Citizens’ groups under threat

Citizens’ groups under threat

Algeria Interface, 09.02.2001, www.algeria-interface.com/new/article.php-article_id=128&lng=e.htm

Citizens’ groups and charities in Algeria face increasingly repressive Kafkaesque bureaucracy and police intimidation.

Algiers, 09/02/01 – Citizens’ groups and charities that address social and human rights issues in Algeria face Kafkaesque bureaucracy and police intimidation that is threatening to grow even more repressive.

Yet the constitution guarantees freedom of expression, freedom of association and the right to organise while legislation drafted in 1990 in the heady days of nascent pluralism was designed to ease bureaucratic procedure for founding « associations ».

« Association » is a blanket-term covering independent organisations ranging from professional bodies, clubs and societies and religious organisations to groups that promote protection of the environmental, community and social concerns, and human rights.

Algerian law recognises 21 kinds of citizens’ associations and after the 1990 legislation came into effect they mushroomed: 823 nationally- and 53,743 locally-based groups came into being, according to Interior Ministry figures.

Although the figures make good reading, they belie the reality on the ground. Oppressive bureaucracy and close surveillance have almost squeezed independent citizens’ groups out of existence.

Citizens’ groups outlawed
The state does grants subsidies that help foster « democratic openness » and « consolidate civil society ». But the funds go into the coffers of puppet organisations the authorities use to control social action groups and charity work and use them to show its commitment to political well-being and social welfare.

Mystery shrouds grant entitlements. Nationally-based charities, for example, are entitled to support from NGOs and foreign organisations. However, only a handful, whose names the Interior Ministry keeps quiet, ever get it.

What’s more, since the state of emergency was enforced in 1992 several charities have been outlawed, particularly human rights and community groups and trades unions. The Algerian Human Rights League and a youth group called Rassemblement Actions Jeunesse have been banned dozens of time since 1995.

Many nationally and locally based groups whose memberships swelled initially burgeoned have now been reduced to skeleton structures that struggle to survive the shortage of funds and bureaucratic harassment.

Kafkaesque procedures
Under the terms of the 1990 legislation governing « associations », anyone wanting to create one has first to register with the Interior Ministry or with the local government office. The registration is recorded and a receipt is handed over. If, a certain time, the application has not been refused the association is automatically authorised.

However, when the 1990 law came into force police stations set up offices that kept a close eye on political and community organisations. As a result, people seen as activists are regularly intimidated even before they get around to registering their « association ».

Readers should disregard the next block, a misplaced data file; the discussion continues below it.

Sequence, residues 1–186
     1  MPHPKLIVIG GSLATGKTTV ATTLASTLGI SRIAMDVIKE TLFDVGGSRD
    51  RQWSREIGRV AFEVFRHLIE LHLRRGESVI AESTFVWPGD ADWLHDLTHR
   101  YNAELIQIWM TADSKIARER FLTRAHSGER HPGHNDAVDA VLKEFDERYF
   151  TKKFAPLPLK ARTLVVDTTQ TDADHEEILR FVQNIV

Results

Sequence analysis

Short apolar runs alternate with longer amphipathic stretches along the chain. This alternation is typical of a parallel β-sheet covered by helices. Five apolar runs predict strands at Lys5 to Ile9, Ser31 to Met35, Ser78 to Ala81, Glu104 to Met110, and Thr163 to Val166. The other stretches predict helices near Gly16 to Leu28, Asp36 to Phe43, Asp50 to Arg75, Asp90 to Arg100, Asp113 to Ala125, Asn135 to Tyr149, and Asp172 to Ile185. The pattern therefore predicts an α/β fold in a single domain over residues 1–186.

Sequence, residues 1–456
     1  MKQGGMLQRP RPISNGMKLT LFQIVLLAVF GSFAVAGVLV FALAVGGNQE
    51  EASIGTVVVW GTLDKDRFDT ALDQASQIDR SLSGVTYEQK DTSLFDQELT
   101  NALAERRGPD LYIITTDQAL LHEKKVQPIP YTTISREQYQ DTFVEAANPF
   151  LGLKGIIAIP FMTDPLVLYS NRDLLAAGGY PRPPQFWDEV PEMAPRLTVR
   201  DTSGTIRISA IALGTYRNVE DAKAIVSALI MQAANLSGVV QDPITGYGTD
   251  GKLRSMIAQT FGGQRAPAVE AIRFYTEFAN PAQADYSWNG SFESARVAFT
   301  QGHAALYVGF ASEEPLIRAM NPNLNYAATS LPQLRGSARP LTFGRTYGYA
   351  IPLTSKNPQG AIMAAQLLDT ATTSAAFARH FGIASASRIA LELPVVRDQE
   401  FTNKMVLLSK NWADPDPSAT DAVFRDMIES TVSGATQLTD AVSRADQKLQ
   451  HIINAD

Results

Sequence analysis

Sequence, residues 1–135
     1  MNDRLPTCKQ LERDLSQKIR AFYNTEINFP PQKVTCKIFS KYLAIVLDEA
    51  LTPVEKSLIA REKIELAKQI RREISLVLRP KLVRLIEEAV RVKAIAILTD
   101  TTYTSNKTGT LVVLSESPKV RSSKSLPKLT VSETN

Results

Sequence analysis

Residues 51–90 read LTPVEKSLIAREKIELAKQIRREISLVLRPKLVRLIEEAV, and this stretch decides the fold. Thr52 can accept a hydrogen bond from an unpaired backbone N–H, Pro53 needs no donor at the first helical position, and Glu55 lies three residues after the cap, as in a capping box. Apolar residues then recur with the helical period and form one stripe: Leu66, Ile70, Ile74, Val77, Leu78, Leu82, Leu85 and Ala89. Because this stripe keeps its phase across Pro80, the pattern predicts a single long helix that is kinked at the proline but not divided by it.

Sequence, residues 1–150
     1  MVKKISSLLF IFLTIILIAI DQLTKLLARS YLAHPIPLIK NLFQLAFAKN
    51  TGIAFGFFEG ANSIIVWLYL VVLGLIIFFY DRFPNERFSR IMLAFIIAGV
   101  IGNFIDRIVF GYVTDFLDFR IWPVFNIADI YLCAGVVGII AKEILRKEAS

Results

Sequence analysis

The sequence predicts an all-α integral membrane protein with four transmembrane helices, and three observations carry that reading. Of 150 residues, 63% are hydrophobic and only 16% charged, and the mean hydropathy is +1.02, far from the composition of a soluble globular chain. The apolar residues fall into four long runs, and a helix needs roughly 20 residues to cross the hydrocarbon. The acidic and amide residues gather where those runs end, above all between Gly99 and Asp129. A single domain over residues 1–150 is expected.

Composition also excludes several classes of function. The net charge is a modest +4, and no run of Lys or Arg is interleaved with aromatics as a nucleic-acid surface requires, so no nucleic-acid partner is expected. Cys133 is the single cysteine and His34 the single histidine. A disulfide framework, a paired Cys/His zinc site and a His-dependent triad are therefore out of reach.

The ambiguously worded provisions of article 7 of the act in effect allow the authorities to break their own law. They refuse to record registrations, which in turn prevents groups from applying for approval.

It is a form of blackmail by which local and central government authorities force citizens’ groups to change their statutes and aims. Even then the police summon the would-be founder members one by one to vet them. Then, and only then, will their application be registered.

In practice, therefore, government offices do not even have to bother replying to new organisations that apply for authorisation. Some just see their application rejected, while others obtain their registration receipt only after traipsing back and forth between local authorities and the Interior Ministry for years on end.

SOMOUD, an organisation representing the relatives of terrorist victims, and the National Association of the Families of Missing People submitted application in 1998. Since then not only have they not been approved, they have not even secured registration receipts.

A new draft of legislation governing associations is waiting in the wings, pending which the Interior Ministry has unofficially blocked the granting of any new authorisations for associations.

Ministry official are also considering whether to compel existing associations to comply with the new law on pain of prosecution or dissolving them.

On February 12 and 13 talks are due to take place between Algeria and the European Union. They are the follow-up of the Barcelona Conference Agreements of 1995. Algeria’s citizens’ groups will be anxiously hoping trade agreements will be made conditional on respect for basic human rights compatible with the rule of law, e.g. individual and collective freedom.

However the Tunisian precedent clearly shows that a state’s agreement to respect such conditions is no guarantee it will do so.

Abdelhaq Illeli